As I shared with you in my initial request for assistance, Sharon Natanblut (Communication and Public Engagement Staff FDA/CVM) spoke with Tony Corbo of Food & Water Watch in February 2013 asking if CVM was doing enough for pet food consumers. Mr. Corbo responded “No”. As an experienced consumer advocate, Mr. Corbo instructed us (pet food consumer advocate Mollie Morrissette and myself) to send FDA an official request for regular dialogue between pet food consumer advocates and FDA. This request was sent on February 25, 2013 to Michael Taylor, FDA Deputy Commissioner for Foods and Veterinary Medicine with copy to Sharon Natanblut. To date – almost four months later – the FDA/CVM has not provided us a response to our request.
FDA’s response to you stated “FDA has communicated with Ms. Thixton on numerous occasions through her work as a blogger on her website.” It needs to be noted, that our request for regular dialogues between pet food consumer advocates and FDA was not sent from “a blogger”. The request was sent from our official pet food consumer stakeholder group Association for Truth in Pet Food – not from my personal pet food education website TruthaboutPetFood.com.
FDA meets often with “stakeholder groups” for input on various issues. As example on March 6, 2013 FDA announced they will hold public meetings with food-animal producers and veterinarians regarding use of antimicrobial drug use. The FDA scheduled five meeting across the U.S. with these stakeholder groups (April through June in Kentucky, Washington, Colorado, South Dakota, and Texas).
Pet food consumers are without doubt, the largest stakeholder group involved in the pet food industry. Yet the FDA continues to dismiss us as bloggers or emotional pet parents. We have done our part by officially establishing a consumer advocacy organization properly registered with the state of Florida. We have members all across the U.S., Canada, and Japan. We ask for FDA to do their pet and acknowledge our consumer advocacy association.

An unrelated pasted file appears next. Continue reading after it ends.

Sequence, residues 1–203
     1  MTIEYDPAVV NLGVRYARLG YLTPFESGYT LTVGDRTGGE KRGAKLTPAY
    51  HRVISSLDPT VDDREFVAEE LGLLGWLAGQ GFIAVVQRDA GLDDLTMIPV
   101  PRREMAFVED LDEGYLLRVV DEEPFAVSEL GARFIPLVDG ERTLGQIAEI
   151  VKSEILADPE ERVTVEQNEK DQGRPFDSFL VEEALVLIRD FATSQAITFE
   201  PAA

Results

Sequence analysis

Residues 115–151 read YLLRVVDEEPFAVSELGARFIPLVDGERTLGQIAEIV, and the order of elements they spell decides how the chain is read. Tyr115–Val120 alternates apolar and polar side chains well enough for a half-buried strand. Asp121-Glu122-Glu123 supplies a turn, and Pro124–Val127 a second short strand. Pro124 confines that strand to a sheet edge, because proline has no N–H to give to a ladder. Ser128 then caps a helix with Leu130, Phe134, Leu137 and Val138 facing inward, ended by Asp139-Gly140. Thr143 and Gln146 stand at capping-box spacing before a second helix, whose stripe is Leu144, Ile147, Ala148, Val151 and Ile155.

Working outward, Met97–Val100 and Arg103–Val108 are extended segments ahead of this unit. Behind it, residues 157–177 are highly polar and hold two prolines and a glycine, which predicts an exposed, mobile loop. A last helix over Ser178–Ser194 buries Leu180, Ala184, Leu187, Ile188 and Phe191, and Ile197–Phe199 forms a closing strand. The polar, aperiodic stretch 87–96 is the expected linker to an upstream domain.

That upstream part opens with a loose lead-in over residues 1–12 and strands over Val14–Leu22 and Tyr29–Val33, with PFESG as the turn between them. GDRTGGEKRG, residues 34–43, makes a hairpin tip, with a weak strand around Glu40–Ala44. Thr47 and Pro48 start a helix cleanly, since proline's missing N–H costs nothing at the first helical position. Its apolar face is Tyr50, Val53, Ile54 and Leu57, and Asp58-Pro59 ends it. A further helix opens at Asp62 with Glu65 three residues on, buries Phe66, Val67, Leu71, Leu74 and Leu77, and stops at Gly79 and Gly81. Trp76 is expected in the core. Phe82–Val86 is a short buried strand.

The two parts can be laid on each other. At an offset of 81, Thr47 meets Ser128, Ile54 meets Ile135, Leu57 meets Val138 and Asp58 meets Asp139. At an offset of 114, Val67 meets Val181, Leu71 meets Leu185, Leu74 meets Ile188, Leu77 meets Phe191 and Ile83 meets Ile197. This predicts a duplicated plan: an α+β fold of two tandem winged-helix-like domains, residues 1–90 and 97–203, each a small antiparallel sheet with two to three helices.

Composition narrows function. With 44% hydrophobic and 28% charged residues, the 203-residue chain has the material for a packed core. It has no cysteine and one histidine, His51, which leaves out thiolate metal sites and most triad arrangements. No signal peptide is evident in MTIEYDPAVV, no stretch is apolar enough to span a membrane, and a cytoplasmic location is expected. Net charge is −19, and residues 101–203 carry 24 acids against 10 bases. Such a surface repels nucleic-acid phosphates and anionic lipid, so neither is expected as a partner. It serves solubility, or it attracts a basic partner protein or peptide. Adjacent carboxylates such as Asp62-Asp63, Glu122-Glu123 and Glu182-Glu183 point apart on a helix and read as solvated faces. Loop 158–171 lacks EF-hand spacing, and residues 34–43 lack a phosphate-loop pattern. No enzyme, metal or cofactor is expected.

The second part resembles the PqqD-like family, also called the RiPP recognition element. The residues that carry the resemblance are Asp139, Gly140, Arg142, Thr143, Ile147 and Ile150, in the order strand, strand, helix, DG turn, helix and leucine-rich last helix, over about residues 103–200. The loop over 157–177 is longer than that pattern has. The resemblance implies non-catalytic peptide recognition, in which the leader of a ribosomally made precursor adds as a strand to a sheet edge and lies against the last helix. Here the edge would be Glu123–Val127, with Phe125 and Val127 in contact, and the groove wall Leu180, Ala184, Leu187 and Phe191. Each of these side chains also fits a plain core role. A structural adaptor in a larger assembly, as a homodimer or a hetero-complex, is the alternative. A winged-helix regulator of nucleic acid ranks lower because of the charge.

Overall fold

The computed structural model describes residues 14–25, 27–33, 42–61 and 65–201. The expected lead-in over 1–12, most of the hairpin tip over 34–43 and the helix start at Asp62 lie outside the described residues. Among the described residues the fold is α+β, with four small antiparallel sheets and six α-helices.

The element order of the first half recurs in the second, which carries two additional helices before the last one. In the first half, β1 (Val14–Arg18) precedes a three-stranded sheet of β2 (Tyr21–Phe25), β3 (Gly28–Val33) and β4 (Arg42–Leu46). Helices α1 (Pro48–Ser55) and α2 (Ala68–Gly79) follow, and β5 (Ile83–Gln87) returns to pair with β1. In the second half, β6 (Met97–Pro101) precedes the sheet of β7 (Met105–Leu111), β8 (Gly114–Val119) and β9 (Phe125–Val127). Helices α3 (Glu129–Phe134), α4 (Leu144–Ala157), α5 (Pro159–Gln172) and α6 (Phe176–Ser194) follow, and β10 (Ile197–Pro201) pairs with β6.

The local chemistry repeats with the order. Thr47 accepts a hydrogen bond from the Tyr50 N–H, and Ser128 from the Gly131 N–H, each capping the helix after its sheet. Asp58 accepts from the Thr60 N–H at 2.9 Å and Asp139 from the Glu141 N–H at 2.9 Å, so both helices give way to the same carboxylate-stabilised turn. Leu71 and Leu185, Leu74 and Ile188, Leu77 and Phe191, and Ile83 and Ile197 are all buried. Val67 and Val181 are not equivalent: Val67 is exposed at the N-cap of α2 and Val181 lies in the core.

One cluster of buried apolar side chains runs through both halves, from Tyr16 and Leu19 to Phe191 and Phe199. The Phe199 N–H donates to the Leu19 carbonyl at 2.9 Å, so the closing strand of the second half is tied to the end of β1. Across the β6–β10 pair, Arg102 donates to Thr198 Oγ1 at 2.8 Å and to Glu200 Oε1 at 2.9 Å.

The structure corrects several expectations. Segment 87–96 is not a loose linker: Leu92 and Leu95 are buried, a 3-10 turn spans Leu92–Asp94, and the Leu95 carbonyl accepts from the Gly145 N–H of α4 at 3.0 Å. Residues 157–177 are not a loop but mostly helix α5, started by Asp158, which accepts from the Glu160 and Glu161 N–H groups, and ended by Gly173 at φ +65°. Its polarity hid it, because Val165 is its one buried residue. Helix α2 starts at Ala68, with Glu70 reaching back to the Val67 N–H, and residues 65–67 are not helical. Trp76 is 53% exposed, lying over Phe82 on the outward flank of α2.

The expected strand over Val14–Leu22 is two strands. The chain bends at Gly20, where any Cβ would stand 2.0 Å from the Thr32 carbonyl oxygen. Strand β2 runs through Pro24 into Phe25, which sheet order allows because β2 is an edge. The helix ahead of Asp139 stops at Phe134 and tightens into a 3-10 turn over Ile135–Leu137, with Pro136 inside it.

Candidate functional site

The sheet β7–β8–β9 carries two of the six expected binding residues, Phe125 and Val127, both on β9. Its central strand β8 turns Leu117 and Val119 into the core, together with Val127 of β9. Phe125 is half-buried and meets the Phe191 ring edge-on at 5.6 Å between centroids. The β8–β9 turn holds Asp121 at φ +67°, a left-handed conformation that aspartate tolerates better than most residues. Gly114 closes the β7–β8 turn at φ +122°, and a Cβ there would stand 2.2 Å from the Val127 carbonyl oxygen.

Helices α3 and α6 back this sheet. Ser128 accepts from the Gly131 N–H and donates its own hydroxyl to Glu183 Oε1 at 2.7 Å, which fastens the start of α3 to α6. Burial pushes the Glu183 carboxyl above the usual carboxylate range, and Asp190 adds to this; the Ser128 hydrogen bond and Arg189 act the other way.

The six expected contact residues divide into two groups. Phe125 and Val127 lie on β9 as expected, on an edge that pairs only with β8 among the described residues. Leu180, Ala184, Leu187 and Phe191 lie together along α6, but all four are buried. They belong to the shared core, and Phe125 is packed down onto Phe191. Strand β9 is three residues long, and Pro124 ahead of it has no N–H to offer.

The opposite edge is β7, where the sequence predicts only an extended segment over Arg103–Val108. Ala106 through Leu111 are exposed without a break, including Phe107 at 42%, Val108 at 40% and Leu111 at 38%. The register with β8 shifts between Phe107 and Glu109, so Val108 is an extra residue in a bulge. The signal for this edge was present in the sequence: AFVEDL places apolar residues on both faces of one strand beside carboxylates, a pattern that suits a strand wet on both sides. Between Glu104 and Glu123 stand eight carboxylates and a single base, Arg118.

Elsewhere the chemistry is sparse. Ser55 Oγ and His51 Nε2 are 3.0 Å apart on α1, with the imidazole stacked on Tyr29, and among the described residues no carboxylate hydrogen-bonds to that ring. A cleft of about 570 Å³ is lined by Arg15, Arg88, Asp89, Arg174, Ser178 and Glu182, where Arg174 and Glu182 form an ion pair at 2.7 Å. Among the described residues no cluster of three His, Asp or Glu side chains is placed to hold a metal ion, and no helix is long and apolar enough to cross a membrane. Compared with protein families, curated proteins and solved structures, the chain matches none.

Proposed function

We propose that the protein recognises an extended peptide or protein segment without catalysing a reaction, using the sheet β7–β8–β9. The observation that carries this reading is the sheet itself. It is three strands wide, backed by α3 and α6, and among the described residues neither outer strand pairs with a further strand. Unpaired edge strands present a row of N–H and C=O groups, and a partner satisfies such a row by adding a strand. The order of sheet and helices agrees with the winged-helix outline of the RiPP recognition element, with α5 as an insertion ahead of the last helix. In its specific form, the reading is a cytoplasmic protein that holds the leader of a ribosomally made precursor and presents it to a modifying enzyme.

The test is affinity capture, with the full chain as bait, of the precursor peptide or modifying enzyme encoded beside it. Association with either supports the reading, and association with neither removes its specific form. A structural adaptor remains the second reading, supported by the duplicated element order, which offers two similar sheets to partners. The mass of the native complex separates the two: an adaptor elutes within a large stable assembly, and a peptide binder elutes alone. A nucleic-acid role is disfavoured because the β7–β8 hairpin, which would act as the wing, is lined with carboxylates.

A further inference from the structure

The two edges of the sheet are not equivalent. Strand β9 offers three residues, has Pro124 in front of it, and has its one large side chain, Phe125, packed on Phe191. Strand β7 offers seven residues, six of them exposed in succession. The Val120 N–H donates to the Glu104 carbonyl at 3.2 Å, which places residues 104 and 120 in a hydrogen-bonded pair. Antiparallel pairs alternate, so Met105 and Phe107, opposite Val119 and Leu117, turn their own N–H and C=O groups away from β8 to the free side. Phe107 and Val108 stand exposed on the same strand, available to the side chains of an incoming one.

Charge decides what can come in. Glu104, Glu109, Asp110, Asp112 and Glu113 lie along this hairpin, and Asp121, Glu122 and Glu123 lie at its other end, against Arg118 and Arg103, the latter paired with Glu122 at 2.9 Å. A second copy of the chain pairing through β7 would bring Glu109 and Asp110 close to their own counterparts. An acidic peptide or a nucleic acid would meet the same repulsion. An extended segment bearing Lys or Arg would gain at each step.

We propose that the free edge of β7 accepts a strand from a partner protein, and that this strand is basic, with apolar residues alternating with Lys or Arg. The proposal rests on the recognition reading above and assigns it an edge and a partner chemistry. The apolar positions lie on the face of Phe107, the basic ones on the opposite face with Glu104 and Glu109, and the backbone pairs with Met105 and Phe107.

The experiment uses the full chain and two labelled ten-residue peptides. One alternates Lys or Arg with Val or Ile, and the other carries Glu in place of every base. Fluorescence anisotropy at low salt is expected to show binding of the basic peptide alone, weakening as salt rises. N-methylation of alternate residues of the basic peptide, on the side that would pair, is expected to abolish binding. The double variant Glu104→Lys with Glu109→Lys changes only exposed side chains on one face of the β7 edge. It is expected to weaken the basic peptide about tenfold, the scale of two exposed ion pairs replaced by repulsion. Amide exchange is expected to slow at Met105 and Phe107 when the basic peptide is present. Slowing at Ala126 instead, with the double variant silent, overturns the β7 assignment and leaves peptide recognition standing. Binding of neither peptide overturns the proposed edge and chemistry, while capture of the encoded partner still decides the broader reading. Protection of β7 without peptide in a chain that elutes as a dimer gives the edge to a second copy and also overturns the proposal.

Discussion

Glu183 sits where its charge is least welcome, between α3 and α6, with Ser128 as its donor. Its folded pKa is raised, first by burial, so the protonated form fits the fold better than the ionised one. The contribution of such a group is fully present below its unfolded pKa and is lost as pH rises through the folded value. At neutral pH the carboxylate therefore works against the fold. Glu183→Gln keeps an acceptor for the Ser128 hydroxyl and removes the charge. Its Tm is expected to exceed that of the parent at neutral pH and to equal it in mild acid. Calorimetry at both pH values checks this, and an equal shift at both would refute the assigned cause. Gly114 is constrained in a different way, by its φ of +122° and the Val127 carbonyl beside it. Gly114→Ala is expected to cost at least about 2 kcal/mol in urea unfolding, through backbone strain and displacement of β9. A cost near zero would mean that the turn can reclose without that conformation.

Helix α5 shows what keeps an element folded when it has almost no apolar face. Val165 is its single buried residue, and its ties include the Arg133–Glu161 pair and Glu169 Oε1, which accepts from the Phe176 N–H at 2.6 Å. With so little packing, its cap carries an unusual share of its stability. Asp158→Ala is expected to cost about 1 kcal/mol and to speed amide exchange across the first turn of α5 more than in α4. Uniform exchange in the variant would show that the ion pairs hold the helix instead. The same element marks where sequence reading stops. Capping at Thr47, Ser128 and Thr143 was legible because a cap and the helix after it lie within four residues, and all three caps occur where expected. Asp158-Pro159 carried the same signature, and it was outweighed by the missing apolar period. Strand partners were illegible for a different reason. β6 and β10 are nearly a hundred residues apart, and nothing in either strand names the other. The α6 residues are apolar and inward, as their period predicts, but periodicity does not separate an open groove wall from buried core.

FDA’s response to you stated in December 2012 FDA provided a phone meeting with FDA “to discuss her concerns about FDA’s role in the regulation of pet food.” This is not correct information. FDA provided me, Mollie Morrissette, and Tony Corbo with a 45 minute meeting to discuss FDA’s ongoing (6 year) investigation of jerky treats imported from China linked to thousands of pet illnesses and deaths. Pet food regulation was not discussed during this meeting. The meeting was very helpful and we thanked FDA for the opportunity publically and personally at the time.
FDA’s response to you also stated I requested “individual meetings” with FDA. This is again incorrect. We asked CVM for regular dialogue – the same that is provided to human food advocacy groups and industry stakeholder groups – with various representatives of pet food safety including veterinarians and consumer advocacy. Some of the top and most pet food safety knowledgeable veterinarians in the U.S. have volunteered their time to participate with FDA, along with several pet food consumer advocates.
All we are asking for is regular open dialogue with FDA/CVM. This is provided to human food advocacy groups, various industry stakeholder groups including pet food industry stakeholder groups. It should be provided to pet food consumer stakeholder representatives and veterinarians. Pet Food consumer stakeholder groups and pet food safety advocate veterinarians might not have offices in Washington D.C. or have million dollar a year budgets for travel and woo-ing FDA, but that shouldn’t make us any less significant. We all have phones, access to Internet and a huge concern for the safety of pet food. If FDA truly wishes the safety of pet food to improve, then it is time they open their doors (and ears) to the other voice that has been pleading to be heard for years. The consumer voice.
Association for Truth in Pet Food
Sincere thanks to Senator Bill Nelson for stepping forward for pet food consumers with FDA. I’m very hopeful Senator Rubio is at this moment taking similar actions with FDA on our behalf.
Wishing you and your pet(s) the best,
What’s in Your Pet’s Food?